To own and operate a TV set, but there is no entitlement to reception of any particular service, or of the quality of the received signal at individual locations. The Ofcom's Technical Performance Code requires the Ofcom's terrestrial licensees to maintain high standards of service reliability and, for Channels 3, 4 and 5, and S4C digital, to maintain high standards of technical quality for pictures and sound. While the Ofcom and the BBC endeavour to ensure a wide range of TV services are available throughout the UK, unfortunately there are inevitably some areas which receive a limited range of services, or where local geography or other factors prevent good reception.

My television reception is poor. What can be done about it?

Check that your aerial installation is in good order, and that it is suitable for the transmitter serving your area. Contact a reputable aerial installer for more detailed advice.

I receive some channels better than others. Why is this?

Apart from some Channel 5 transmitters, the main four analogue channels are broadcast at the same power and are “co-sitedon” the same transmitter masts. Aerials are designed for specific bands of frequencies or channels. It may be that your aerial is the incorrect type for the transmitter ie, it does not have the correct bandwidth. A higher gain aerial may help, and the positioning of the aerial is also important.

Why can't I receive Channel 5, and when will I be able to?

Channel 5 was introduced later than the other four UHF analogue services, and because spare frequency channels were not available in some areas, it was it wasn't possible to build as many transmitters. Look at the Ofcom's transmitter information pages or on Channel 5's web site ( to see if you are in range of a transmitter and check whether your aerial is of the suitable aerial group. Channel 5 is also available from digital satellite and cable services.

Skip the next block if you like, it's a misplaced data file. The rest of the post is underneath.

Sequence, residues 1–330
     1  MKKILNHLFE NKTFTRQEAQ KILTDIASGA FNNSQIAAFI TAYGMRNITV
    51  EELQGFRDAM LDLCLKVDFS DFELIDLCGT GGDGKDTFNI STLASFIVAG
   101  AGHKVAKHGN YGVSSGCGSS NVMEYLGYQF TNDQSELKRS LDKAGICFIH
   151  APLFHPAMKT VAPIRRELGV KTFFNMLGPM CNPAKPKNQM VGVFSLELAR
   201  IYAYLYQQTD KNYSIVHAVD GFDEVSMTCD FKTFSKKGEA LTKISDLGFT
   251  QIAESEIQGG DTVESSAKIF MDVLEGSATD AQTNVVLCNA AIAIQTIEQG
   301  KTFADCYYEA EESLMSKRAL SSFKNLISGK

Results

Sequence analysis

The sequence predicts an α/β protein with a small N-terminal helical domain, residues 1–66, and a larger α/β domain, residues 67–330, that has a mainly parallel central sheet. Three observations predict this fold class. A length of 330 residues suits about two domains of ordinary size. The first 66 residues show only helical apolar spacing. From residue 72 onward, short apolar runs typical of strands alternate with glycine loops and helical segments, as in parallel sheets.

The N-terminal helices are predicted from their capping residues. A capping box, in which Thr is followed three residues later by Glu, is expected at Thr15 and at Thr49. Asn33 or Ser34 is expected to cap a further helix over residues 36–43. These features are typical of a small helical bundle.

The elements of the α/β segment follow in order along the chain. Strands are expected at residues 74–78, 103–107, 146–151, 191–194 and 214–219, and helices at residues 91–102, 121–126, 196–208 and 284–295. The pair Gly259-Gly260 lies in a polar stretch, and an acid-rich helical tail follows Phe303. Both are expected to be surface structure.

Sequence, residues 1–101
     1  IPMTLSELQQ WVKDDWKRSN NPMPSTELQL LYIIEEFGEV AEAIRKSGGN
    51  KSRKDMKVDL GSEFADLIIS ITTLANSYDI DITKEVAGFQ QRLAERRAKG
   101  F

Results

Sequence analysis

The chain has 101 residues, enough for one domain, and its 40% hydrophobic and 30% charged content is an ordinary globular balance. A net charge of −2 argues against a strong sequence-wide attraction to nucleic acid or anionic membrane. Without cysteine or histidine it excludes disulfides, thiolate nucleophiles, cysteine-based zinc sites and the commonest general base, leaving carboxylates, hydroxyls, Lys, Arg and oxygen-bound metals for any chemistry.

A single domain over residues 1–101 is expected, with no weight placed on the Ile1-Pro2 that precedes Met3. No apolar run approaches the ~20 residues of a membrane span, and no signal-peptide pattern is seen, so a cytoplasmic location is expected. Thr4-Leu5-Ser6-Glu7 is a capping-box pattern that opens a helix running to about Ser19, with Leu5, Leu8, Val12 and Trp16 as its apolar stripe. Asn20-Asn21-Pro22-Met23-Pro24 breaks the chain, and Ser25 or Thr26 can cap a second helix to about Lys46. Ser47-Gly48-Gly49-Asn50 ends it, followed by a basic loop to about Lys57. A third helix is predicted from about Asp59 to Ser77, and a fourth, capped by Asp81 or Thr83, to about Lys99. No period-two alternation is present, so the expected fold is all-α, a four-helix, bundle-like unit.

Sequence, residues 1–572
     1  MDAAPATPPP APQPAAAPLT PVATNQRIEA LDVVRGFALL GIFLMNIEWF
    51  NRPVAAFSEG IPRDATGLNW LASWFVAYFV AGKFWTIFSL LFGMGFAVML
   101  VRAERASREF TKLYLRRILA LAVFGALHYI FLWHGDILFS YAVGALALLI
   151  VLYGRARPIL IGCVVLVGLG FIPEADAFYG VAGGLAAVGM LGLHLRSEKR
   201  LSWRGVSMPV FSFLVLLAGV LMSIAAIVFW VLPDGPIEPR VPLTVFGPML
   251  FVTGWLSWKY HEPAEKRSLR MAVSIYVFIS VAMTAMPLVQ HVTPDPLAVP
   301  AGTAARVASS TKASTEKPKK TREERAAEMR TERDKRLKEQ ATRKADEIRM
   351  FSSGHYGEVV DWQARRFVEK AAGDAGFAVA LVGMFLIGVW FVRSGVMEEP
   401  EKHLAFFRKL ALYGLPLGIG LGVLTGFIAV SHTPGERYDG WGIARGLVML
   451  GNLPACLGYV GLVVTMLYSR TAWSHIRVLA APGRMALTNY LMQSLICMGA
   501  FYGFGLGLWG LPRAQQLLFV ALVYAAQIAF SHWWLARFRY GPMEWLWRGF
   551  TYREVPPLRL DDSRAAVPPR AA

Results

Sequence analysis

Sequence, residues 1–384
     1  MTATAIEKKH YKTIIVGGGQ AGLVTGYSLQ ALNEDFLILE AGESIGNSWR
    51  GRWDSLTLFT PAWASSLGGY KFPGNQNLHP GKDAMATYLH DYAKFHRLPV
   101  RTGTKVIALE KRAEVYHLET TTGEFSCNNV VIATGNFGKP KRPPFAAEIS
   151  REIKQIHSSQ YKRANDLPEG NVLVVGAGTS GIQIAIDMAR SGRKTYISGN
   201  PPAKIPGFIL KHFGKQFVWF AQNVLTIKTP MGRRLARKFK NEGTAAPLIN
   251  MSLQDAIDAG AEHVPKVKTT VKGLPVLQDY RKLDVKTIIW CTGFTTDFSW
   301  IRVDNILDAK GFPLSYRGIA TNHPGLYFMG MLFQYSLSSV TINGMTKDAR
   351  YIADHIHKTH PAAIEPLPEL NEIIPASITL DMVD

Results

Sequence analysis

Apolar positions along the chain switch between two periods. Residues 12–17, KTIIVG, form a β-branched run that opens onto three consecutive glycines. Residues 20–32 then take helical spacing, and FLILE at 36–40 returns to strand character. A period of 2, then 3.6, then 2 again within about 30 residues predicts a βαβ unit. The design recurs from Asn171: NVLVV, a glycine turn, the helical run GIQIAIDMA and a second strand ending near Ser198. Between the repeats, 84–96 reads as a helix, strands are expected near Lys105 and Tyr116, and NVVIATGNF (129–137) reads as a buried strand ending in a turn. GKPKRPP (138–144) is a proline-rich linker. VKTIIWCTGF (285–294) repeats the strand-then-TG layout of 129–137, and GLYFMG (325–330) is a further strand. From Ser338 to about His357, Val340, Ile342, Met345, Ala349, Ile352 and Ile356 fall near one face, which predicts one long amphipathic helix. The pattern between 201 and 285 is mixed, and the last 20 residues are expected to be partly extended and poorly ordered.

My teletext and subtitles are showing 'garbled' words. Where is the fault?

This is probably the result of the aerial receiving two signals: one direct from the transmitter and the other reflected from an obstruction such as a large building, trees, a hillside or similar. This is an effect similar to 'ghosting', but results from short-term echoes which are not necessarily visible on the picture. There are number of techniques that can be used to reduce or remove the problem. Contact a reputable aerial installer to see if improvements can be made to your installation.

I think my local transmitter is faulty. Who do I contact?

The appropriate broadcaster of that channel - but not TV Licensing or the transmitter operators. A list of the commercial broadcasters can be found here.

Why is my ITV1 channel about the 'wrong' region ?

Most likely because local topography prevents signals reaching you from a transmitter which does carry the most appropriate regional services for your area. Try contacting a reputable aerial installer to see if a signal is available.

Why does my digital picture break up and 'freeze'?

This is usually due to a low signal level or interference. Ask your installer to ensure the decoder is receiving the minimum levels of signal required.

Some digital terrestrial channels don't show a picture but just a red dot. Why is this?

This is caused by a weak or poor quality signal being received.

I have a digital terrestrial (DTT) receiver, and some of the programmes have a deaf-signer in the corner of the screen, which I find distracting. Why is it there?

The Broadcasting Act requires a small number programmes on each channel to be signed. The broadcasters are seeking a technical solution which will let the signer be "hidden", much like subtitling, for viewers who don't require signing.

My sight is impaired. There are subtitles and signing for deaf people; what about me?

Audio Description is becoming available on digital terrestrial services. Currently the amount is 4%, rising every two years to reach the current target of 10% within 10 years. However, receiving equipment is still under development, and is not generally available at the moment.

Ofcom - the Office of Communications